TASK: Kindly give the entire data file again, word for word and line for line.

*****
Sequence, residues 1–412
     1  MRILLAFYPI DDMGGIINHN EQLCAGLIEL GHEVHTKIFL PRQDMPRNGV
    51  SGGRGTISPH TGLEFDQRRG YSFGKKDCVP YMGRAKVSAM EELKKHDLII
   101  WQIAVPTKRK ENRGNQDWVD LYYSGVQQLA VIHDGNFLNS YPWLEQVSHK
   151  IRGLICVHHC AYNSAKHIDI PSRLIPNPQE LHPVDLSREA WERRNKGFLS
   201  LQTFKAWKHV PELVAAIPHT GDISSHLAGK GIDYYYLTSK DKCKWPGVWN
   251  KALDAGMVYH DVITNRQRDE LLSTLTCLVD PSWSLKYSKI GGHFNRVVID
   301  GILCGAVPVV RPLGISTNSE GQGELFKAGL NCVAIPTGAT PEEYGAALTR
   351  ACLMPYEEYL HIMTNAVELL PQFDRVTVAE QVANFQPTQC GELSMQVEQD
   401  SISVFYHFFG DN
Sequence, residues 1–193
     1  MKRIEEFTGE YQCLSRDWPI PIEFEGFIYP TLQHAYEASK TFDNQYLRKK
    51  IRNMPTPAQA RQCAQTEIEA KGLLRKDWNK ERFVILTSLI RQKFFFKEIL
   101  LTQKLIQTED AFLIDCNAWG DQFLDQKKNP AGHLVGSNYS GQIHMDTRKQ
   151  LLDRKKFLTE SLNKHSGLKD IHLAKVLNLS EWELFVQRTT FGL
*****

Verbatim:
Sequence, residues 1–412
     1  MRILLAFYPI DDMGGIINHN EQLCAGLIEL GHEVHTKIFL PRQDMPRNGV
    51  SGGRGTISPH TGLEFDQRRG YSFGKKDCVP YMGRAKVSAM EELKKHDLII
   101  WQIAVPTKRK ENRGNQDWVD LYYSGVQQLA VIHDGNFLNS YPWLEQVSHK
   151  IRGLICVHHC AYNSAKHIDI PSRLIPNPQE LHPVDLSREA WERRNKGFLS
   201  LQTFKAWKHV PELVAAIPHT GDISSHLAGK GIDYYYLTSK DKCKWPGVWN
   251  KALDAGMVYH DVITNRQRDE LLSTLTCLVD PSWSLKYSKI GGHFNRVVID
   301  GILCGAVPVV RPLGISTNSE GQGELFKAGL NCVAIPTGAT PEEYGAALTR
   351  ACLMPYEEYL HIMTNAVELL PQFDRVTVAE QVANFQPTQC GELSMQVEQD
   401  SISVFYHFFG DN
Sequence, residues 1–193
     1  MKRIEEFTGE YQCLSRDWPI PIEFEGFIYP TLQHAYEASK TFDNQYLRKK
    51  IRNMPTPAQA RQCAQTEIEA KGLLRKDWNK ERFVILTSLI RQKFFFKEIL
   101  LTQKLIQTED AFLIDCNAWG DQFLDQKKNP AGHLVGSNYS GQIHMDTRKQ
   151  LLDRKKFLTE SLNKHSGLKD IHLAKVLNLS EWELFVQRTT FGL